POLITICS

George Osborne Still Hasn't Fully Backed Iain Duncan Smith's Universal Credit Scheme

11/12/2014 11:08 GMT | Updated 11/12/2014 11:59 GMT
Peter Macdiarmid via Getty Images
LONDON, ENGLAND - MARCH 23: Work & Pensions Secretary Iain Duncan Smith arrives in Downing Street on March 23, 2011 in London, England. The Chancellor of the Exchequer, George Osborne, is expected to implement further measures to tackle the United Kingdom's deficit when he presents the budget to Parliament. The UK Consumer Prices Index (CPI) annual rate of inflation has risen to 4.4%, the highest since October 2008, increasing pressure on the Bank of England to raise interest rates and slow inflation. (Photo by Peter Macdiarmid/Getty Images)

The future of Iain Duncan Smith's universal credit scheme has been thrown into more doubt after Treasury officials admitted that they had still not signed off on the business case for his flagship welfare programme.

Universal credit, which has been much-delayed and seen tens of millions of pounds written off in IT and other costs, aims to combine six benefits or tax credits into one single payment.

Major projects normally require their business case to be approved by the Treasury in order to receive funding, but Osborne's department has so far been drip-feeding money as it receives updates on the scheme's progress.

Treasury officials admitted on Wednesday that they will not decide whether to sign off on universal credit's business case until next summer, with a final decision potentially not coming until 2016. They also said that the scheme is still graded as "amber-red" by the government's Major Projects Authority, so is classed a source of serious concern.

The Treasury's continued reluctance to sign off on the scheme's business case will be bitterly galling for Duncan Smith, who told MPs in September that it would be signed off "very shortly".

Sharon White, second permanent secretary at the Treasury, told MPs on parliament's influential Public Accounts Committee that she believed the money spent so far was "value for money".

Neil Couling, a top official at the Department for Work and Pensions, said that ministers and civil servants deserved credit for not "hoofing and hoping" over the implementation of universal credit.

He added: “They have taken quite a lot of flak for only proceeding when the next step is doable. That has brought a whole series of other criticisms but it was the right thing to do because at the end of this service are people who are very vulnerable and we are the last resort."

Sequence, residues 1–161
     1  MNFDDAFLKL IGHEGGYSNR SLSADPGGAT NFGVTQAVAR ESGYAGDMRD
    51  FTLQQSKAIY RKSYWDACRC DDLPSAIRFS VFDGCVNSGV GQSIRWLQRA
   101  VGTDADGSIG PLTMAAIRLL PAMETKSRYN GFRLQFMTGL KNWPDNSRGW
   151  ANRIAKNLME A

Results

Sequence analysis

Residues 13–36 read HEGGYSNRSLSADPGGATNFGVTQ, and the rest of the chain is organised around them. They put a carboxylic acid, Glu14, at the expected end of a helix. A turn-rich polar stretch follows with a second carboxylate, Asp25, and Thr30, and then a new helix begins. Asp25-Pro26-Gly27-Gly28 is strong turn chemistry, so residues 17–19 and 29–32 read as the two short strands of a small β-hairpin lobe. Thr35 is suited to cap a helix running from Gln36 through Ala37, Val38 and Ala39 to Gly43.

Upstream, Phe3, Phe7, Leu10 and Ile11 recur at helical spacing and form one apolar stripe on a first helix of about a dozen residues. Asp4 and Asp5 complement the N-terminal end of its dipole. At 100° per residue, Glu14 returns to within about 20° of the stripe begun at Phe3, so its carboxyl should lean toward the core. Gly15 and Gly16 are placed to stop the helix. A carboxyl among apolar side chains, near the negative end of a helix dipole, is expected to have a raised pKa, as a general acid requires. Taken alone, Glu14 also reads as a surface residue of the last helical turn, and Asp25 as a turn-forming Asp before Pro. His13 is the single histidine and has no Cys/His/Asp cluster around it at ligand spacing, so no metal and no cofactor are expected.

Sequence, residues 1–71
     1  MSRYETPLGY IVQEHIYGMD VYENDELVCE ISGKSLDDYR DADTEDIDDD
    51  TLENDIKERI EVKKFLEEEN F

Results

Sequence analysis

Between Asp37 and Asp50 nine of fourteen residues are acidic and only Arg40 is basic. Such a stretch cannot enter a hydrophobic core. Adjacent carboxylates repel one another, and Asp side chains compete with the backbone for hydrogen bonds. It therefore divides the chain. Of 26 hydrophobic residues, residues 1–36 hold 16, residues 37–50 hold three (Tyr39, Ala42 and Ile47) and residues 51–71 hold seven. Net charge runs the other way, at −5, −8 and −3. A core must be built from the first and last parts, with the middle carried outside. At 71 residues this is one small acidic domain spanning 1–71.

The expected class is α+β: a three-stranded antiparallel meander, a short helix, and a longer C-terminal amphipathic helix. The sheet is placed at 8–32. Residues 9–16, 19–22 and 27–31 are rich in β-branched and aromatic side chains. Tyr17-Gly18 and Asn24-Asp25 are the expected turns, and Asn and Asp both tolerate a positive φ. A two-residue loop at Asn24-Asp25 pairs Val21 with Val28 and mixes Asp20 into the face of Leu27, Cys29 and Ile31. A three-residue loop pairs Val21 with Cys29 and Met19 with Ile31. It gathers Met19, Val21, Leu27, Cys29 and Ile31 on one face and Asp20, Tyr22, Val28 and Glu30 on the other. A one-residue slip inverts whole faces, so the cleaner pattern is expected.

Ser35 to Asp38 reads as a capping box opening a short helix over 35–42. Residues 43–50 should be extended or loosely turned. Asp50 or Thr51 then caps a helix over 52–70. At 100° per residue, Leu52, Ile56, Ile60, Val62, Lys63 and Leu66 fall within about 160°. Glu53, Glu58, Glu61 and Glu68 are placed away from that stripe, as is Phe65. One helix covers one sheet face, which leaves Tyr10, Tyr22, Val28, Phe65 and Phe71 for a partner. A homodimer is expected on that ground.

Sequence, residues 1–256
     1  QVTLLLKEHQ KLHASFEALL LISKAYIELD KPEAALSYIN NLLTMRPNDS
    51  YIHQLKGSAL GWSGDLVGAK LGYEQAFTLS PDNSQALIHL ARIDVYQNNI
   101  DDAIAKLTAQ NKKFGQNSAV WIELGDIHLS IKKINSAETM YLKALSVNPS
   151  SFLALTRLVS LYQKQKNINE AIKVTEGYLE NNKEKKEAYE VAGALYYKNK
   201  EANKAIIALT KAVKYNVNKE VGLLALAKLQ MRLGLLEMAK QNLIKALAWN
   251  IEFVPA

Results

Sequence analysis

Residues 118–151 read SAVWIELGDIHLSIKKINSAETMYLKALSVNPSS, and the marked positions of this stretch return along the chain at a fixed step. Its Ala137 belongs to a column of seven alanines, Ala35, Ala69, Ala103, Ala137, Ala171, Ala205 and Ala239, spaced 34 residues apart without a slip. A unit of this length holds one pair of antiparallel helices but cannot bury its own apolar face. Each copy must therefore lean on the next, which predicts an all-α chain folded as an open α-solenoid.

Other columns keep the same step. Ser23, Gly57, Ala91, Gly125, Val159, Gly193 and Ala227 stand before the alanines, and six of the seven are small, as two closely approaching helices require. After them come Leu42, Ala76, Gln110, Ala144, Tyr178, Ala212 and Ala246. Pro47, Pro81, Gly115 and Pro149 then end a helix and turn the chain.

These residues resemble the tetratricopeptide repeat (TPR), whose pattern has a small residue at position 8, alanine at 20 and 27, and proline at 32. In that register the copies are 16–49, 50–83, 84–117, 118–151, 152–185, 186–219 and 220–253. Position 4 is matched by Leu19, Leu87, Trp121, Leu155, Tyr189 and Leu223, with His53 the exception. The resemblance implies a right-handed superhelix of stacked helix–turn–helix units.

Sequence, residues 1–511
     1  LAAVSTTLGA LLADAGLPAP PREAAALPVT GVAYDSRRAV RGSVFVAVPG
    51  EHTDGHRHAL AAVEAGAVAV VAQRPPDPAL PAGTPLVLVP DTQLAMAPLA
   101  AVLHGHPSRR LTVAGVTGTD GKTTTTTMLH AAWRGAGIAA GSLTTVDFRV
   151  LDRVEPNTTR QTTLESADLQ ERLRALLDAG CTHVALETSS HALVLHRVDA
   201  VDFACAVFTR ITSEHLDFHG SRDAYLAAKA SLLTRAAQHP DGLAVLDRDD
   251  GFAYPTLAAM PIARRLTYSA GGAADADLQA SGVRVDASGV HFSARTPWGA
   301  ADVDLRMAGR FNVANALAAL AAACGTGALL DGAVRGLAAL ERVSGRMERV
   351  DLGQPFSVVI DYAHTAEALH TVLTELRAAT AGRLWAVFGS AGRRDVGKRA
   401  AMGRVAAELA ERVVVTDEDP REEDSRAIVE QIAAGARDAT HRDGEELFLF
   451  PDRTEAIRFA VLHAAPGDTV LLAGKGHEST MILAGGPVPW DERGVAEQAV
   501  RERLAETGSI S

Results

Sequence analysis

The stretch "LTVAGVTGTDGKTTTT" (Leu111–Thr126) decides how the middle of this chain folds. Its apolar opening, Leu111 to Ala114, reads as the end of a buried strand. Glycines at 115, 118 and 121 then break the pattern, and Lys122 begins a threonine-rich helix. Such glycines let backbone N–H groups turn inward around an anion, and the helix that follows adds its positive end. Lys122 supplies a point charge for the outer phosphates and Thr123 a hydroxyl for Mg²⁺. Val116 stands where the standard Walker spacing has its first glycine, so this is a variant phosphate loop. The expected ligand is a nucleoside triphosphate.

This comes just days after the government's watchdog, the Office for Budget Responsibility, issued a very gloomy verdict on the viability of Duncan Smith's welfare plans.

In a damning verdict on the welfare secretary's flagship scheme, the OBR judged that current forecasts for the rollout of universal credit is too optimistic.

universalcreditsetback The OBR's increasingly sober verdict on Universal Credit

According to the National Audit Office, Duncan Smith's Department for Work and Pensions (DWP) had pushed back the date by which most claimants would be switched to the new benefit by two years - to the end of 2019.

However, the OBR said it had compared the government's latest forecasts alongside "the recent history of optimism bias in universal credit plans and other projects of this sort” and decided there was “considerable uncertainty around the delivery of such a complex and wide-ranging change”, estimating there will be another six months of delay.

Charities had also accused the chancellor of "torpedoing" Duncan Smith's flagship welfare scheme by deciding in his Autumn Statement to freeze Universal Credit work allowances - the money people can earn before their benefit starts to be withdrawn - for another year.

Alison Garnham, chief executive of the Child Poverty Action Group, said: "By cutting Universal Credit once again, the chancellor is in very real danger of torpedoing Iain Duncan Smith’s flagship policy. Freezing the work allowance will harm work incentives and hit low paid families hard. Two thirds of poor children live in working families; we should be redistributing help towards them, not away from them.”

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